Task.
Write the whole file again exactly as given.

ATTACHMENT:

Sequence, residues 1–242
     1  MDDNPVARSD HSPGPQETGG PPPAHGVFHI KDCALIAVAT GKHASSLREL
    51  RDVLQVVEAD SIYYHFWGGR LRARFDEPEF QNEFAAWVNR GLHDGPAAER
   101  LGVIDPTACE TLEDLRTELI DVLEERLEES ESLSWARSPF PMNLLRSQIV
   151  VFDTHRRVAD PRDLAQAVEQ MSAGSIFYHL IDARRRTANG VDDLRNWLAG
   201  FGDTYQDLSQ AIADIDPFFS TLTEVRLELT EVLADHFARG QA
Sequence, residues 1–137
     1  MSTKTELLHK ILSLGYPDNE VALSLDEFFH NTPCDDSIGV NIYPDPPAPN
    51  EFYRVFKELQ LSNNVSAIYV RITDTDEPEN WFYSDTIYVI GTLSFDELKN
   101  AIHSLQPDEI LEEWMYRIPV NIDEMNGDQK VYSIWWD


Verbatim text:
Sequence, residues 1–242
     1  MDDNPVARSD HSPGPQETGG PPPAHGVFHI KDCALIAVAT GKHASSLREL
    51  RDVLQVVEAD SIYYHFWGGR LRARFDEPEF QNEFAAWVNR GLHDGPAAER
   101  LGVIDPTACE TLEDLRTELI DVLEERLEES ESLSWARSPF PMNLLRSQIV
   151  VFDTHRRVAD PRDLAQAVEQ MSAGSIFYHL IDARRRTANG VDDLRNWLAG
   201  FGDTYQDLSQ AIADIDPFFS TLTEVRLELT EVLADHFARG QA
Sequence, residues 1–137
     1  MSTKTELLHK ILSLGYPDNE VALSLDEFFH NTPCDDSIGV NIYPDPPAPN
    51  EFYRVFKELQ LSNNVSAIYV RITDTDEPEN WFYSDTIYVI GTLSFDELKN
   101  AIHSLQPDEI LEEWMYRIPV NIDEMNGDQK VYSIWWD